Wednesday, August 24, 2016
Very early in the morning the plant life on the dunes take on a violet hue to match the cold breeze off the ocean. It is so very quiet, even the waves seem like a hundred miles away. Standing there painting, I felt like the only person on the earth with a strong sense of timelessness.
14" X 18", Oil
Wednesday, August 17, 2016
One of the advantages of camping along the Big Sur coast, is that you can stumble out of your tent as the sunlight comes streaming though the mountains at dawn. Without another soul around, accompanied by the singing of the birds and just absorb the cool quiet beauty of a fresh new day. That is the inspiration for this new painting, for an upcoming exhibit featuring California's Highway One.
Oil on canvas, 24" X 36"
Thursday, June 09, 2016
Last January while staying in the lodge at the base of Yosemite Falls it snowed all night, blanketing the world in pristine shades of white. This was the view as I walked down the lodge staircase, being very careful not to fall on the ice but all the time gazing at the sunlit granite. Next year I will be showing in an exhibit of paintings highlighting the Sierra Nevada range and painting this little piece allowed me to explore the possibilities of creating a very large painting with this scene.
18" X 14", Oil
Saturday, January 30, 2016
This group of Sycamore live in the Placerita Canyon Nature Center, just down the road from my home. The California drought has been rough on all the plant life and this years rains have brought promise for wildflowers and some beautiful landscapes that have been absent for a long time.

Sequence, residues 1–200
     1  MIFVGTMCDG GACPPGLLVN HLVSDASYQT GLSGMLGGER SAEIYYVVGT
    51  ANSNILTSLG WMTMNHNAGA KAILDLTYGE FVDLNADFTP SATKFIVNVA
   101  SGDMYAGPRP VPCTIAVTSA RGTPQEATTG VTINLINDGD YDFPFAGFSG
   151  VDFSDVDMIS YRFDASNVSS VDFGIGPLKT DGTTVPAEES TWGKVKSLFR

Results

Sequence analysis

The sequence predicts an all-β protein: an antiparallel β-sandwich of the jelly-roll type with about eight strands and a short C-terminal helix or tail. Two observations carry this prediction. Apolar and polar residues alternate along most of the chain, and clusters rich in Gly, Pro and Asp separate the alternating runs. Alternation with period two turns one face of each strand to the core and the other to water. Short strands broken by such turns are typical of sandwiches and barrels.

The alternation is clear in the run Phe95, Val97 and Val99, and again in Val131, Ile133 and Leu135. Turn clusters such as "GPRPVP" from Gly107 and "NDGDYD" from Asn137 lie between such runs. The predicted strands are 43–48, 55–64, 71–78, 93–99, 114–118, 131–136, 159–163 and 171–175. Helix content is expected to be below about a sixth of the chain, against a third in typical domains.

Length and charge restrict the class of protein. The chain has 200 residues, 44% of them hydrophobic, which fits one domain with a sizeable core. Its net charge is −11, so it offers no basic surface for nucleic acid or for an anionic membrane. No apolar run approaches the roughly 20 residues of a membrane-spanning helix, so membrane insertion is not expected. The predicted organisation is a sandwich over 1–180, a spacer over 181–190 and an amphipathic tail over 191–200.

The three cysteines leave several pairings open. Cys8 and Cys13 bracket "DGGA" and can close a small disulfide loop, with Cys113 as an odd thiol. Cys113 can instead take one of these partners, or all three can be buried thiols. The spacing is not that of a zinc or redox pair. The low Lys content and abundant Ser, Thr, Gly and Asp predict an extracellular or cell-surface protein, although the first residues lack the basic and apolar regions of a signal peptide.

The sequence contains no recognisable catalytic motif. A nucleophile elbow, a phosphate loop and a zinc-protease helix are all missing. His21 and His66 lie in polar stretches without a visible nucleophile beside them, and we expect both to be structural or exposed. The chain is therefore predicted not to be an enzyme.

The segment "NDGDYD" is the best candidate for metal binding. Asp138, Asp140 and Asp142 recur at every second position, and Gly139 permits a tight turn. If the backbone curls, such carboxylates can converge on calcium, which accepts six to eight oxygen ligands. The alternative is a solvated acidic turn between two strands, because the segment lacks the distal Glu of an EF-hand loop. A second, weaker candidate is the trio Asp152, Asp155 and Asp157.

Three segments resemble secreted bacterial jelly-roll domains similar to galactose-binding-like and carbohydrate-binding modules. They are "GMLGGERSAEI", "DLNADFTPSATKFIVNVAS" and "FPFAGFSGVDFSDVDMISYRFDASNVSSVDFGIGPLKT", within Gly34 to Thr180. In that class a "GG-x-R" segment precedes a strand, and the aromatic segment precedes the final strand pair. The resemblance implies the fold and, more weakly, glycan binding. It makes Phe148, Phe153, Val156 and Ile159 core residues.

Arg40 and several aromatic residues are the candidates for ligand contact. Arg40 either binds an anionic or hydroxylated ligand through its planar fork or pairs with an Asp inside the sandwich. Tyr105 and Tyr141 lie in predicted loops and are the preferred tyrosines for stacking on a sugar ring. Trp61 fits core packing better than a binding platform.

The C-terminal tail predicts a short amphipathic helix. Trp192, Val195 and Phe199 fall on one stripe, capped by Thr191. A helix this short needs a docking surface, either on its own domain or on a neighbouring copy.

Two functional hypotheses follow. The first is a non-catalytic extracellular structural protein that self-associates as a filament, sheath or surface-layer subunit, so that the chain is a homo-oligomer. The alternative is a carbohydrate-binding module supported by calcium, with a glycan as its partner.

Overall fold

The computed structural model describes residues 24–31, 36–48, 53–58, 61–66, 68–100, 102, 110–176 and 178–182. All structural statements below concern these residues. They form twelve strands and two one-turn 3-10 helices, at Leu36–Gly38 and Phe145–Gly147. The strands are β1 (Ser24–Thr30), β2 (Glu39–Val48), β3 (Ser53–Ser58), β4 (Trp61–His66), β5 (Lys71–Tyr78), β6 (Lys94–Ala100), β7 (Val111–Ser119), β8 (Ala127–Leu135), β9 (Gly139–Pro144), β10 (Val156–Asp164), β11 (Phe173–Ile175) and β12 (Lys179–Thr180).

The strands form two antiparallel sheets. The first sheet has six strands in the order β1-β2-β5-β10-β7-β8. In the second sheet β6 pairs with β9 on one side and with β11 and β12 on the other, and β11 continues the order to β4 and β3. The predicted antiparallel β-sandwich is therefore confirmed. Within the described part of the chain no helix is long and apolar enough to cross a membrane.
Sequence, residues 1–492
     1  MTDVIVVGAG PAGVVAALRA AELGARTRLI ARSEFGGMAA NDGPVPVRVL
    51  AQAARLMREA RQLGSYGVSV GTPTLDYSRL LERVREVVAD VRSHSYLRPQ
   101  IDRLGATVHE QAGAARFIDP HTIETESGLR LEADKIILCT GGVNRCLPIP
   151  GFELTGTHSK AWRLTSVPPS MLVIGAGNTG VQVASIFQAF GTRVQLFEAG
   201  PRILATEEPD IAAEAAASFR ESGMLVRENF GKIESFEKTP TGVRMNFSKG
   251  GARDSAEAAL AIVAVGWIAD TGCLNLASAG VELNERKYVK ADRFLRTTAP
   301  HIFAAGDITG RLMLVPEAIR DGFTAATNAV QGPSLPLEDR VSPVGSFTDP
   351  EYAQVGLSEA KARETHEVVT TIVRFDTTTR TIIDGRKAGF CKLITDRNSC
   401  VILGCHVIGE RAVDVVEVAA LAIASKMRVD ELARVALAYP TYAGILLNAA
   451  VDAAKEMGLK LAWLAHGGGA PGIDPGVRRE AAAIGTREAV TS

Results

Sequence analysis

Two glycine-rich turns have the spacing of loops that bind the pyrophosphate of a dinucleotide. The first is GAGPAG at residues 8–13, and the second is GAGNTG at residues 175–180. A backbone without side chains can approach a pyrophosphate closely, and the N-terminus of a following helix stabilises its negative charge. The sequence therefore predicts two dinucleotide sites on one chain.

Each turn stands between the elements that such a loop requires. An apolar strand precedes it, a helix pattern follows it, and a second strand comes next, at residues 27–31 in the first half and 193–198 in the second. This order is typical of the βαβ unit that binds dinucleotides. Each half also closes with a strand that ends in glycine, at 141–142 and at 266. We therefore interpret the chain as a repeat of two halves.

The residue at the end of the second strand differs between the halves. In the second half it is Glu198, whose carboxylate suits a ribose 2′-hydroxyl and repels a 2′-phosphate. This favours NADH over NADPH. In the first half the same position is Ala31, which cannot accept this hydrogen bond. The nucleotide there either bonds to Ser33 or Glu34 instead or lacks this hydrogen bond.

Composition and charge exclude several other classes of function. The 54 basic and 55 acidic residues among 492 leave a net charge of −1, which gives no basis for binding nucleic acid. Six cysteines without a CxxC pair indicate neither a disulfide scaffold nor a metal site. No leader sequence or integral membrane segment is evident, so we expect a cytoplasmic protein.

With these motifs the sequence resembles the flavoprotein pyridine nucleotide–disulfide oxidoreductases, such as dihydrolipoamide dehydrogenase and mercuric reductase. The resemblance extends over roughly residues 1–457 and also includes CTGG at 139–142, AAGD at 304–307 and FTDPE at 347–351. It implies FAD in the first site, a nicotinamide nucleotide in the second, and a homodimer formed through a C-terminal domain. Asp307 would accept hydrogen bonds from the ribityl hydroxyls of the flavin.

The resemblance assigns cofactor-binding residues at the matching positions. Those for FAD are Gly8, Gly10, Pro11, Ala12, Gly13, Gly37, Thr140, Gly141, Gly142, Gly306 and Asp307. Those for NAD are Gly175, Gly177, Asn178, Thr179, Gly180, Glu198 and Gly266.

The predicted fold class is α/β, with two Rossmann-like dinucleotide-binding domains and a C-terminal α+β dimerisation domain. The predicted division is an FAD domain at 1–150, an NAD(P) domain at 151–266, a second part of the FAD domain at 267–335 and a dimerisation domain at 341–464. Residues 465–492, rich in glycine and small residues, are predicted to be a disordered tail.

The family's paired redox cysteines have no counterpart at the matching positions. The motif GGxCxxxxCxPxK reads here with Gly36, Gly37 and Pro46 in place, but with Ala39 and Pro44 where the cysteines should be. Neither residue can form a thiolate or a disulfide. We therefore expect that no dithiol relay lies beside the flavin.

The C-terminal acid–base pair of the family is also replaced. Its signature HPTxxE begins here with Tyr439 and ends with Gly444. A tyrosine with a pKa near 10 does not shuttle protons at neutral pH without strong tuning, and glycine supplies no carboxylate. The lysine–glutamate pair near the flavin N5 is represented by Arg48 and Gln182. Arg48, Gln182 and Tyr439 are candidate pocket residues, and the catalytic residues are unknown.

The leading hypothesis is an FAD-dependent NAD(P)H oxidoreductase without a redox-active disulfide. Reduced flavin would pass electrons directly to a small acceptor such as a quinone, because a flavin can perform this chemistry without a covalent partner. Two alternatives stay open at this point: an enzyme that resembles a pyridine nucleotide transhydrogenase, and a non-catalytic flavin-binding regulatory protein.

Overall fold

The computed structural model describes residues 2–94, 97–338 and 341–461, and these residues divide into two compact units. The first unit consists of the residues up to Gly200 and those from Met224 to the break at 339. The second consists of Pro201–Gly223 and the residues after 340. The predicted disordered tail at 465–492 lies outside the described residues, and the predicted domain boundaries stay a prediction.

From the creating side of this piece, it's so difficult for me to decide "it's done". I keep attacking the trees, pushing light here and there, adding limbs and tweaking here and there. I stopped at this point and will let it rest for a few days, out of my sight and look at it anew. Usually, only then is it really easy to see, what needs to be addressed to make it a good painting or possibly, decide it's truly finished.
18" X 24", Oil
Friday, January 01, 2016
"Alpine Glow", 16" X 20", Oil
"A Break in the Storm", 16" X 20", Oil
In a couple of weeks I am showing with PAC6 at Hillside Fine Art in Claremont, with a show that has a very unusual concept. Here was the task: Create 2 sets of paintings. Two views of the same scene in different weather, season or time of day. Above are images of one of my set's. Last October I traveled with PAC6 to Yosemite and we experienced painting in rain storms, frozen meadows and in sunny fall glory, all in the span of one week. My first two views are along the Merced River behind the Yosemite Lodge. What a difference a day makes!
If you would like to come to the show and see the "double takes", created by PAC6, please come! The show opens on January 17th and runs until February 28th. We will all be present for the reception February 6th, from 5pm - 7pm. Here is the gallery website for more details.
*PAC6 is a group of 6 women artists committed to painting the beauty and grandeur of the American landscape. The group is: Linda Brown, Debra Holladay, Nita Harper, Marian Fortunati, Sharon Weaver and Laura Wambsgans.